Adding Linux 5 machine to Windows Server 2008 DNS


In order to add a Linux machine to an existing Windows Server 2008 DNS server, there are several main steps that need to be carried out:

  1. Prepare the Linux servers to join the Windows DNS configuration (this includes installing required packages, editing configuration files, checking hostname resolution, configure Kerberos and Samba, etc)
  2. Add the DNS entries for the Linux machine to the Windows Server 2008 DNS configuration (both forward looking and reverse lookup zones)
  3. If necessary, create a new reverse lookup zone in the Windows Server 2008 configuration

The main goal of this exercise is for me to be able to add all of my Linux (both RHEL and OEL servers) virtual machines to the DNS configuration, in order for me to test out various deployment and failover testing scenarios for Oracle 11g Release 2 RAC, Oracle 12c Cloud Control, and also data replication with Oracle Goldengate (all hopefully subjects of future entries in this blog). Explaining the different components involved as well as what their function is within Linux and Windows Server is not the goal of this entry.

So what I do NOT need are things such as :

  1. authentication for Windows Active Directory users on my existing Windows Server 2008 when accessing Linux machine
  2. home directory and file sharing between platforms, and so on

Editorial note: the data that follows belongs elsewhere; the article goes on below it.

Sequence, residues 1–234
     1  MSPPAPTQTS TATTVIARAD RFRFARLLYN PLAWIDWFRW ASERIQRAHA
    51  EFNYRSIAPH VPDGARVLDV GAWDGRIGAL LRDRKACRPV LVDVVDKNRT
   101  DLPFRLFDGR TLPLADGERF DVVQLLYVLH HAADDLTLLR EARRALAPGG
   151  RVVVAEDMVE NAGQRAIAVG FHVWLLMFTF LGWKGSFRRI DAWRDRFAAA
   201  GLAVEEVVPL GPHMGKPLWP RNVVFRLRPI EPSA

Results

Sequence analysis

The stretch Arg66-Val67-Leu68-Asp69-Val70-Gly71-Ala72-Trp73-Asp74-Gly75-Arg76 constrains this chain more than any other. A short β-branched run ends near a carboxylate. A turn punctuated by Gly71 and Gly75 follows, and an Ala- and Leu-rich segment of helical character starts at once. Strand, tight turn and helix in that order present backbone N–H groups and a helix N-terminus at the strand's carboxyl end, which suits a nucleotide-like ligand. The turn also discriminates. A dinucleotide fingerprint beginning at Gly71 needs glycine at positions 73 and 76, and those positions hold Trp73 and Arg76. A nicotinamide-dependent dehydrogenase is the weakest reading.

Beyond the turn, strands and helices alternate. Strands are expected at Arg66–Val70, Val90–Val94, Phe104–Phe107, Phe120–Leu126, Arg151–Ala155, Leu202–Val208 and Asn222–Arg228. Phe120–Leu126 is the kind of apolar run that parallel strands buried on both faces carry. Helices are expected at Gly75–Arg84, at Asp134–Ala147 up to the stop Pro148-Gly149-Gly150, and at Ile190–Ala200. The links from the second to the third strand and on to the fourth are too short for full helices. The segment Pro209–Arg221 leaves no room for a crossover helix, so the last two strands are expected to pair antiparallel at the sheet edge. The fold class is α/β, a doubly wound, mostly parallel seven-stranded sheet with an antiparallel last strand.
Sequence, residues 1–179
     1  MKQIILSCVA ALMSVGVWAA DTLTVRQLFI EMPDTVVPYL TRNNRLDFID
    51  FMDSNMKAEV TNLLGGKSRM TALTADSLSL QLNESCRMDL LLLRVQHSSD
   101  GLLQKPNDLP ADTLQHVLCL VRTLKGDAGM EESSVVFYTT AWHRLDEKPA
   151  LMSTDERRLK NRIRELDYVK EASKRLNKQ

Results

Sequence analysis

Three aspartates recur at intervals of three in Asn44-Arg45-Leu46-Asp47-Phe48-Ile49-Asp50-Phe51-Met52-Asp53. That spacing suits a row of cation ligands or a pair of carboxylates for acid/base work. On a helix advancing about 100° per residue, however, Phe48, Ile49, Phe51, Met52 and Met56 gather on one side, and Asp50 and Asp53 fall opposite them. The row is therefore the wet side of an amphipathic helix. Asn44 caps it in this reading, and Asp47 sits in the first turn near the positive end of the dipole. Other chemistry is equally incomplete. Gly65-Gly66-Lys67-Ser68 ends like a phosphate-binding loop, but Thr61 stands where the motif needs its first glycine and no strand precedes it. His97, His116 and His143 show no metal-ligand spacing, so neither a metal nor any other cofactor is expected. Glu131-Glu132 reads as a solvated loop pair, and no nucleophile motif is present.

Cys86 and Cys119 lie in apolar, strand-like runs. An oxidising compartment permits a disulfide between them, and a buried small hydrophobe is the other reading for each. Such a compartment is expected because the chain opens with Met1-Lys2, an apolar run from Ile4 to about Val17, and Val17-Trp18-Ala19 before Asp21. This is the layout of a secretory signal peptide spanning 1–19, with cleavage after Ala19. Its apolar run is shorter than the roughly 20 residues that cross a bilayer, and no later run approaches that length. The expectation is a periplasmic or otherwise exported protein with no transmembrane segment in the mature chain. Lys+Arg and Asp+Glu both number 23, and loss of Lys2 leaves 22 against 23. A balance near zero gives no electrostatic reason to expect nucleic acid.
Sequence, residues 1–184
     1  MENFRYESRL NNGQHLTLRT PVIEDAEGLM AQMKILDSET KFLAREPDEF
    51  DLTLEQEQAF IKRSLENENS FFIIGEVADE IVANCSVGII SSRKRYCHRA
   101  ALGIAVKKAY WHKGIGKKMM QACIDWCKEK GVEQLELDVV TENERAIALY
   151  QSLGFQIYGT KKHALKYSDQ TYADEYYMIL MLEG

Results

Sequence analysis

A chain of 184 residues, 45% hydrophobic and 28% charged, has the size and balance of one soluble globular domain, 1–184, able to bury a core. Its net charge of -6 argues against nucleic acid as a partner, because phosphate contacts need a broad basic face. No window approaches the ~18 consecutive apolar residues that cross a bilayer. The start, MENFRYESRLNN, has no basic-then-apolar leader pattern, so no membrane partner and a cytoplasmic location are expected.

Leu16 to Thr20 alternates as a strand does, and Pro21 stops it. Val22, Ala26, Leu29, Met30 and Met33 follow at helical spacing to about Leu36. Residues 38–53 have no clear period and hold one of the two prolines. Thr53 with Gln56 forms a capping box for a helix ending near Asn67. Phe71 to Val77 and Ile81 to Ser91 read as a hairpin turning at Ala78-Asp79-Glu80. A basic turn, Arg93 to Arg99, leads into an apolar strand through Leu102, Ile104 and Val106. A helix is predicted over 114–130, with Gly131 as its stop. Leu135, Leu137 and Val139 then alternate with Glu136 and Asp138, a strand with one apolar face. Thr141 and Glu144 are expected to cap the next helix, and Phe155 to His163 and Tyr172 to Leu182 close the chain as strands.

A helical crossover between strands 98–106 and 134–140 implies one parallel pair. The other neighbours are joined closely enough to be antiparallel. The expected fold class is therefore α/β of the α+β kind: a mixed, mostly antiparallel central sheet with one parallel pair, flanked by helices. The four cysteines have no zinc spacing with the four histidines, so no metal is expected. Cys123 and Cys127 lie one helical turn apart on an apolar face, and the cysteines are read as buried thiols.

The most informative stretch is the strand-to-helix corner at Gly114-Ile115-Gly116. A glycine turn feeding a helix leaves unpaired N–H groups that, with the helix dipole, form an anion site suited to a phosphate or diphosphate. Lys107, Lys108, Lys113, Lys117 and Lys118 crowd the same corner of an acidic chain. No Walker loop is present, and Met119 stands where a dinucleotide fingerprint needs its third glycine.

Basically, all I need is DNS membership and host/IP address resolution features, and will not be going into detail on any of the other DNS/Active Directory settings. So if this is what you need, the following entry isnt going to be of much use.

So, to start off, I will need to install the required packages (updated based on this helpful post) on my Linux machine running on RHEL 5.5. I have already configured YUM in a previous post, so I’ll just dive right into it:

Package list:
samba3x.x86_64
samba3x-common.x86_64
samba3x-winbind.x86_64
samba-common
samba-client
samba
system-config-samba
pam_krb5
krb5-workstation
krb5-libs


[root@rhelgrid yum.repos.d]# yum list | grep system-config-samba
This system is not registered with RHN.
RHN support will be disabled.

system-config-samba.noarch                1.2.41-5.0.1.el5           el5_u5_base

[root@rhelgrid yum.repos.d]# yum install system-config-samba
Loaded plugins: rhnplugin, security
This system is not registered with RHN.
RHN support will be disabled.

Setting up Install Process
Resolving Dependencies
–> Running transaction check
—> Package system-config-samba.noarch 0:1.2.41-5.0.1.el5 set to be updated
–> Finished Dependency Resolution

 Dependencies Resolved
 ================================================================================
Package                                   Arch            Version                   Repository                         Size
=================================================================================

Installing:
system-config-samba         noarch        1.2.41-5.0.1.el5         el5_u5_base                   218 k

Transaction Summary
==================================================================================
Install       1 Package(s)
Upgrade       0 Package(s)

Total download size: 218 k
Is this ok [y/N]: y

Downloading Packages:
system-config-samba-1.2.41 5.0.1.el5.noarch.rpm                               | 218 kB     00:01

Running rpm_check_debug
Running Transaction Test
Finished Transaction Test